Originally published at: http://www.sitepoint.com/optimizing-your-images-for-wordpress/
Once upon a time, about 20 years ago, there was Mosaic. Mosaic is often credited with starting the World Wide Web as we know it today. It was the first browser that allowed images to be displayed inline with text, rather than having a separate window popup for each image. Although it wasn’t the first graphical browser, it caught on with the wider public.
Back then colour screens with 256 colours were relatively new, and we were all on dial-up Internet, the aim was to get your images to download, full stop. How they looked was secondary.
Fast-forward to today and things are very different. As people buy increasingly higher resolution screens, we need to make our images look great. On the other hand, Google would like your Web pages to load in one second, even on mobile devices. So how do you make your images look good and load fast? In this article, we’re going to cover the basics of optimizing your images for WordPress.
Is an Image Really Required?
Of course the first question you should ask is do you really need an image when text, symbols, and simple logos can be replaced with web fonts and other CSS effects that can possibly do the job better, faster, and in a responsive way. Any text element such as banners and buttons that are created from images should be replaced with non-image formats. However, if you need to use an image read on.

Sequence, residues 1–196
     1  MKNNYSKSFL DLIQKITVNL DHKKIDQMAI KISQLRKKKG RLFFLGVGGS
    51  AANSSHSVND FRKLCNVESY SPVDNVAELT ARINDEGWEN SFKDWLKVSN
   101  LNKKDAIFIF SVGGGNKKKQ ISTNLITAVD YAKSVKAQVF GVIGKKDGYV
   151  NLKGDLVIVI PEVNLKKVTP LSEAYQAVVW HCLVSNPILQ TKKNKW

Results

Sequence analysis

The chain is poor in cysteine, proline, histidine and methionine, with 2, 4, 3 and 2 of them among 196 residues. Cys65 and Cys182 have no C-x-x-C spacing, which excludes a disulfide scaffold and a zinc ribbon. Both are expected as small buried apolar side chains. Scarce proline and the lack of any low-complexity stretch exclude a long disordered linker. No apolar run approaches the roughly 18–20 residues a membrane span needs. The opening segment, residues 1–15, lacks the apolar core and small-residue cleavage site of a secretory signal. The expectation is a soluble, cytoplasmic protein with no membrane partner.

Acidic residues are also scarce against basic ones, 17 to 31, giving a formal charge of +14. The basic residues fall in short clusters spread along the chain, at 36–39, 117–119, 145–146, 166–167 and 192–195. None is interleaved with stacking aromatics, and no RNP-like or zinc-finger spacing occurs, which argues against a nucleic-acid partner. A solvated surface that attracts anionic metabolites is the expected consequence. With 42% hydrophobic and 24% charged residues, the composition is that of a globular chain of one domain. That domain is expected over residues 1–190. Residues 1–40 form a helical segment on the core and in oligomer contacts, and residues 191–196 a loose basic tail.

Raster Versus Vector
Raster images are made up of a grid of a fixed number of pixels. They don’t scale well, and enlarging the image will result in jaggies and pixelation as the grid pattern becomes visible. Images created in a digital camera and programs such as Adobe Photoshop are raster images. The image quality setting will determine the size of the saved file. This could be as large as 7360 x 4912 pixels with a high end SLR camera; such an image would be well over 36MB in size. Clearly this is way larger than required for WordPress use.